The module highlights the main features of the legal and institutional framework for the European Union (EU) external relations. Even though the EU has become an important international actor who is involved in many levels of treaties’ conclusion and foreign relations in the international sphere, the nature of the exercise of its external relations is legally a unique one, due to the fact that its international legal personality co-exists with the one of its member states. This legal perplexity affects the way and the degree to which the EU achieves the status of a global actor.


Upon completion of the course, the student will be able to:

  • understand the principles of EU external relations law.
  • use the knowledge of how the international legal rule enters the EU legal order, binds its member states and confers rights to the individuals that they can, under certain conditions, invoke before EU and national courts.
  • discuss the major issues and the latest developments in EU foreign policy and international relations.
  • interpret legal sources and literature in the field of EU external relations law.
  • apply such knowledge in complex conflict resolution cases in the international level, in which the EU is a party.



Topics discussed comprise issues pertaining to the EU’s competence to conclude international agreements and the legal procedure of negotiating and concluding international agreements by the EU; the nature and position of international law rules as a source of law in the EU legal order: their binding nature and hierarchy; their direct effect and interpretation; the judicial review and interpretation of such rules in the EU legal order. The course particularly concentrates on mixed agreements, and on the issue of the international obligations of the Member States before their accession to the EU. It also covers EU as a member of international organizations: the example of WTO; it discusses the interaction between the EU and the international community in the framework of the Common Foreign and Security Policy (CFSP); the European Neighbourhood Policy and Development Policy and, most importantly, the relationship between the EU and the ECHR.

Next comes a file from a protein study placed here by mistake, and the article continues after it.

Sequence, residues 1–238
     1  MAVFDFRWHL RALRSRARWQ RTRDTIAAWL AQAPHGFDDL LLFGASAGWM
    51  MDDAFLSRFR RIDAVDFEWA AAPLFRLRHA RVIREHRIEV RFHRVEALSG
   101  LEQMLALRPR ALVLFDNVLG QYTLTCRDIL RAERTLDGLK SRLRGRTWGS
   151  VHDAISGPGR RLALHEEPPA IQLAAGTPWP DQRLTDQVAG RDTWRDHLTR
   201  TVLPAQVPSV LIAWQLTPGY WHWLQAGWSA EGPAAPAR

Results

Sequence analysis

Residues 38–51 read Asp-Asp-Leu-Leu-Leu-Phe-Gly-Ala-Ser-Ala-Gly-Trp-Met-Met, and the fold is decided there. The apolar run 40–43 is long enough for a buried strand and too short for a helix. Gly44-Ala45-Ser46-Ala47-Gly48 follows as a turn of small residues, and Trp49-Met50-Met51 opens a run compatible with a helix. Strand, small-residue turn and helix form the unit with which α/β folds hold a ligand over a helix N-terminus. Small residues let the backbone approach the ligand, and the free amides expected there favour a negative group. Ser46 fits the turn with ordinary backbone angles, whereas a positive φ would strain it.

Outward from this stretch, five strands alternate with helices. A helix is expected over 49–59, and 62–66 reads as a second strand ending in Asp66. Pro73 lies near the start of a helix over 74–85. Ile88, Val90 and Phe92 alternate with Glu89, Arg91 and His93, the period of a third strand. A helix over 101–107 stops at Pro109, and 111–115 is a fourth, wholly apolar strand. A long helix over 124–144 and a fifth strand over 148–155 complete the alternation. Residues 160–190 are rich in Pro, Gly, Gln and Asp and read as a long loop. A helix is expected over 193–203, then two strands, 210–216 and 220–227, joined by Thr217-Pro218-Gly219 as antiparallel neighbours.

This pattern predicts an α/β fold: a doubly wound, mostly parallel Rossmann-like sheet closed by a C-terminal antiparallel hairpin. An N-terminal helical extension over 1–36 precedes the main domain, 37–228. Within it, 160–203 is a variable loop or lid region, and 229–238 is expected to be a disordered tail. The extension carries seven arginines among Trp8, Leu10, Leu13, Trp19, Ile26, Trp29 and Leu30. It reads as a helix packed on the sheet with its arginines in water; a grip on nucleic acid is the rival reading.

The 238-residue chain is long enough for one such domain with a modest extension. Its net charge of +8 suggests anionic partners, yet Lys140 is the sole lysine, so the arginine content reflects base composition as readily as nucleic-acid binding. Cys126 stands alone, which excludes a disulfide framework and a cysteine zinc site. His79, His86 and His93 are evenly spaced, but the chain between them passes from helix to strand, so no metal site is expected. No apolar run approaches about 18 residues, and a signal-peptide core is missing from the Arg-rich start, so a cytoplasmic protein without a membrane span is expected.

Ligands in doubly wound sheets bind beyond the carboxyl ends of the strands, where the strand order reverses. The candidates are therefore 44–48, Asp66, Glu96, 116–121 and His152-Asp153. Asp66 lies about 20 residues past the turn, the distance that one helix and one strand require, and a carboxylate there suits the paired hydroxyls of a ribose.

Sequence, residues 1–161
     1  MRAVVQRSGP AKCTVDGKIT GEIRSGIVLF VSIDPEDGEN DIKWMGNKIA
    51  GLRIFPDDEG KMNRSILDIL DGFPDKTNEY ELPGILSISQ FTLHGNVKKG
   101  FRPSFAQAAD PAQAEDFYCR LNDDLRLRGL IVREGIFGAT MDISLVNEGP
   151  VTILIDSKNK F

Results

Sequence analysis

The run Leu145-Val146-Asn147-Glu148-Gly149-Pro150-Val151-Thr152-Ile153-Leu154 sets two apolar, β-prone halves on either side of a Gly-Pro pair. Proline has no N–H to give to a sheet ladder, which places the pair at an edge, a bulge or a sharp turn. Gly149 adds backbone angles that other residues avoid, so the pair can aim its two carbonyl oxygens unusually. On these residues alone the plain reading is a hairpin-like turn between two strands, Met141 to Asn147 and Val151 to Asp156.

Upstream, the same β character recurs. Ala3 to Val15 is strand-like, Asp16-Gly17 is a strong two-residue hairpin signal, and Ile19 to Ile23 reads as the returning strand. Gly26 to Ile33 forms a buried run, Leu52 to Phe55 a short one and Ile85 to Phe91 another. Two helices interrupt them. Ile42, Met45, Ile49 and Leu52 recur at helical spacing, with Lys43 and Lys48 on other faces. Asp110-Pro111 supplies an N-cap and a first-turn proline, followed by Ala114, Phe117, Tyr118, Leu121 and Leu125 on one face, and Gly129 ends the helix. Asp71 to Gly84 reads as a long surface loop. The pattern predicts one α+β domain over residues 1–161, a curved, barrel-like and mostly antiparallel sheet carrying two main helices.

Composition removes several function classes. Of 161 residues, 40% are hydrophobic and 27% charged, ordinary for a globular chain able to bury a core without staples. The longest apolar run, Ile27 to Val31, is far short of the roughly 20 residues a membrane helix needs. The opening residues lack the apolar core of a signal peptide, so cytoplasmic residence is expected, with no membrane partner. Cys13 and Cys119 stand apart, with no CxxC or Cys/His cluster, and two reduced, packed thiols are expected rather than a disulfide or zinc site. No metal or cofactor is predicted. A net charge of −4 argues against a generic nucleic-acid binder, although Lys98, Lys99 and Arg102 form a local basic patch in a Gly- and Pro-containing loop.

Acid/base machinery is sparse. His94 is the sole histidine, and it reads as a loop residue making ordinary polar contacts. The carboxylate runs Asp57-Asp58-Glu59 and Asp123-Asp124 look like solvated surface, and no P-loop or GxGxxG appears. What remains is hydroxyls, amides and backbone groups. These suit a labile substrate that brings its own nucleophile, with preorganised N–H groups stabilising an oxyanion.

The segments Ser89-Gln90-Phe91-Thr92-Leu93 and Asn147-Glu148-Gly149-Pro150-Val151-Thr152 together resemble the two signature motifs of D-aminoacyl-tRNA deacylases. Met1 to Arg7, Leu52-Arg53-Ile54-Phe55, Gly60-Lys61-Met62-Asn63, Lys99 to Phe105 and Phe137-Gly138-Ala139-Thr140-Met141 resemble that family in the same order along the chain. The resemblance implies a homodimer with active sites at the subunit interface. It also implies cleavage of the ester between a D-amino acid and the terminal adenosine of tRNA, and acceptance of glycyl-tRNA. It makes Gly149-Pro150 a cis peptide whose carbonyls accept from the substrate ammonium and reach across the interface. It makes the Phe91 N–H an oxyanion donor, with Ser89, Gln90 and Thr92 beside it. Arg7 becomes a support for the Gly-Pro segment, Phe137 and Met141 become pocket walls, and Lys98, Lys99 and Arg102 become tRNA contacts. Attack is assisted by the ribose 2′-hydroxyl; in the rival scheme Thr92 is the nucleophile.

Academic Requirements

Participants are required to have at least some basic previous knowledge of EU Law, as well as Public International Law.

Teaching method

The course will run under seminar format, which requires a high degree of student participation. A power-point presentation will be used in the teaching of each lecture, and out of class the students will be required to read relative academic articles indicated by the lecturer, which will help them deepen their knowledge. Participants to the classes will also be supported through the discussion of important case-law, as well as by other related legal materials such as international treaties concluded by the EU.


The course is taught by Assistant Professor Manolis Perakis.

Assessment and testing

  • Written exam, closed book, essay questions in the form of practical cases - 2 hours (80%)
  • Class participation (20%)